Rotary Auction moving to Sakai

With the wish list, be ready to carry a map. This year’s Rotary Auction may see as much hunting as bargain, as shoppers are thrust onto the unfamiliar terrain of Sakai Intermediate School.

“It’s all going to be there,” said Marit Saltrones, Bainbridge Rotary’s president-elect. “It’s just a question of where.”

The massive auction and rummage, slated this year for June 29, has been displaced by the extensive repairs planned at Woodward Middle School.

Rotarians were forced to track down a temporary site for the event, which draws thousands of shoppers.

“We looked at Commodore, we looked at the high school,” Saltrones said. “We even looked at the grade schools for a delusional period.”

The club settled on the smallish Sakai, for its proximity to the usual auction site and its “pleasant environment conducive to selling quality items,” Saltrones said.

If not a step backwards, it will be a step sideways for a summer ritual that each year seems about to grow beyond the physical control of its handlers.

Unlike the Woodward building, Sakai offers no large commons for the live auction, and has only a smaller outside play area.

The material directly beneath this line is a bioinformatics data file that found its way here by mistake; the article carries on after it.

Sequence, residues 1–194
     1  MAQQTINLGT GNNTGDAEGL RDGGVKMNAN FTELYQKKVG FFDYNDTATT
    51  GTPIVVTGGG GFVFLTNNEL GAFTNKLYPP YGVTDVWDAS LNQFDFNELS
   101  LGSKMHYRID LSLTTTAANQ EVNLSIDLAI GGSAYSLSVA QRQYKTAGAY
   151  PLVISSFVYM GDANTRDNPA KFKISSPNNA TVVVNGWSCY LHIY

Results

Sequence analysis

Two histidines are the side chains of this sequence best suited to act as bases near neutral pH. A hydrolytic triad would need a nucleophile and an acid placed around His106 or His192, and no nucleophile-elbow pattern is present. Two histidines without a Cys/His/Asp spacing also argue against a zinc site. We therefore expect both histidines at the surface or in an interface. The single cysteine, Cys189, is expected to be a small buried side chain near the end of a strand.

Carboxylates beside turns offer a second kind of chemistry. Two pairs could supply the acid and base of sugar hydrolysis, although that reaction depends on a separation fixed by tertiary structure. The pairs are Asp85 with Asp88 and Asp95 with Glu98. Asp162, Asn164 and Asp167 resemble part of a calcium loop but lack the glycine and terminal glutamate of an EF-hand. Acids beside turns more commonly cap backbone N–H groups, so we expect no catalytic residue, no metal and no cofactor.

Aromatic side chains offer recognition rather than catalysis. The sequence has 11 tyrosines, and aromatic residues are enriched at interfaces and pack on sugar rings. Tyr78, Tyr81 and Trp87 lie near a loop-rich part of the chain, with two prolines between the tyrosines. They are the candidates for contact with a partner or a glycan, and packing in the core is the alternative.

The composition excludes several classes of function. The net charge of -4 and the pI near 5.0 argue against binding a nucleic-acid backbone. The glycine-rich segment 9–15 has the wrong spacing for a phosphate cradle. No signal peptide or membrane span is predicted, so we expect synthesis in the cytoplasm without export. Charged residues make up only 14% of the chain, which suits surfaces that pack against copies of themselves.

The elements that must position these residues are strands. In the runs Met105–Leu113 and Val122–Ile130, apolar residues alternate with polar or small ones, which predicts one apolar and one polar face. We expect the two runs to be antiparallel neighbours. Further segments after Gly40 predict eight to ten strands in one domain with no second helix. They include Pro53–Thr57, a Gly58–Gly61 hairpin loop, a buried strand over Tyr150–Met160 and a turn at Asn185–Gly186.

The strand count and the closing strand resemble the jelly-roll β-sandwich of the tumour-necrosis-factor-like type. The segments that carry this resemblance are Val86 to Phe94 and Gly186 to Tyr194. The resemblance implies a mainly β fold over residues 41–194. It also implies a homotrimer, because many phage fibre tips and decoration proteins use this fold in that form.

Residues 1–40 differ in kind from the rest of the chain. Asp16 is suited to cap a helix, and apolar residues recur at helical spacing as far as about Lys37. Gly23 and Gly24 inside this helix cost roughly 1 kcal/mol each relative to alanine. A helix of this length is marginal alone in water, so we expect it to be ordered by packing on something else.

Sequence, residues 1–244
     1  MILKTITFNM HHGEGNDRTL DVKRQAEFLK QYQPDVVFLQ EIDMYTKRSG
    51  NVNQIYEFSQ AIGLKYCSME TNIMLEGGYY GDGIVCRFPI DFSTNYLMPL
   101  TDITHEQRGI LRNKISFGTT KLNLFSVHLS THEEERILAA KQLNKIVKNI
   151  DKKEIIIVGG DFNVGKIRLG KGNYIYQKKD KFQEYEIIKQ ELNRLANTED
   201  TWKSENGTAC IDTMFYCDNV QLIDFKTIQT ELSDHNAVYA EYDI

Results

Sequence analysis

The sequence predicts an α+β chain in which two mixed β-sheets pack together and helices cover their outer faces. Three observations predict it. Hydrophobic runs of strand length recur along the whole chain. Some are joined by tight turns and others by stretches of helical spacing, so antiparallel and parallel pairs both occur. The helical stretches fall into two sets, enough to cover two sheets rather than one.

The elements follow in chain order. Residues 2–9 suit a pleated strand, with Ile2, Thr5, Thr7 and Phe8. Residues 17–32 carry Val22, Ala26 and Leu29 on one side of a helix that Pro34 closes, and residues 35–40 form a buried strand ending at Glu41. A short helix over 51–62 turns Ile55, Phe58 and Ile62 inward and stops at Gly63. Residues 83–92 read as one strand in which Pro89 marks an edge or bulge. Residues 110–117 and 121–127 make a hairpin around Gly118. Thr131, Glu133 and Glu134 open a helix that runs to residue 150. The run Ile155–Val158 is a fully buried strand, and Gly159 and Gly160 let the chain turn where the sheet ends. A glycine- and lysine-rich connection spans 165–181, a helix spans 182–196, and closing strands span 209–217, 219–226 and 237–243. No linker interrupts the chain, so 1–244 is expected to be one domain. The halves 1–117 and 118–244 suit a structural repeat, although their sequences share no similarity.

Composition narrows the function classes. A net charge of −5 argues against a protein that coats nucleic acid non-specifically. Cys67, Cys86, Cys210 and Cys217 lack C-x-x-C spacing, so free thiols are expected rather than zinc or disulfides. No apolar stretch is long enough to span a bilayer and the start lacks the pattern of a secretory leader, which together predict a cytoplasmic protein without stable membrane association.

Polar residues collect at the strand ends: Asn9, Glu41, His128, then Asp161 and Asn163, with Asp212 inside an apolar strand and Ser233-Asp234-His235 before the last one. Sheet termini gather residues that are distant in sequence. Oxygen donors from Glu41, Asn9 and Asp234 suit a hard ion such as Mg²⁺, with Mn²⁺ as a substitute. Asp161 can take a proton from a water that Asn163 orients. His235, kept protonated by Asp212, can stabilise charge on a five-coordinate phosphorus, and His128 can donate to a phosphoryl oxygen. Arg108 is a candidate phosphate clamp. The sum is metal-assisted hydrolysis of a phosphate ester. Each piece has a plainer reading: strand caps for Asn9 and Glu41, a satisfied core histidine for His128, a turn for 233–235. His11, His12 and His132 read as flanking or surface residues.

The answer, Saltrones said, is probably to further segregate items into “departments” to be spread throughout the classrooms. The live auction will likely be held in the school gymnasium.

“We’re going to use almost every room in the building – both floors,” Saltrones said.

That move was already afoot last year, with the creation of more clothing areas and an array of cleverly arranged fine furniture displays under an outside tent.

The tent will definitely return.

“The auction has evolved over the years, and there’s more of an appreciation for fine furniture and vintage items,” Saltrones said. “The prices reflect that.”

Bolstering the Rotary efforts this year is the dramatic increase in club membership that has followed the addition of a second weekly meeting. The need for more auction people-power, Saltrones confessed, was among the reasons for the membership effort.

Last year’s event raised $210,000 – the latest in a string of sales records – money that went to various community projects and international relief efforts.

With the flagging economy, Rotarians do wonder whether islanders will be able to offer up their usual bounty of used household items, tools, clothing and oddities for resale.

They’ll find out on June 19, when drop-offs at the auction site begin. The club is already soliciting donations of vehicles and boats; pickup can be arranged by calling auction chair Howard Hanners at 842-7621.

Also, an orientation dinner for auction volunteers will be held June 5 at Woodward Middle School. For information, call Bob Linz at 780-9127.

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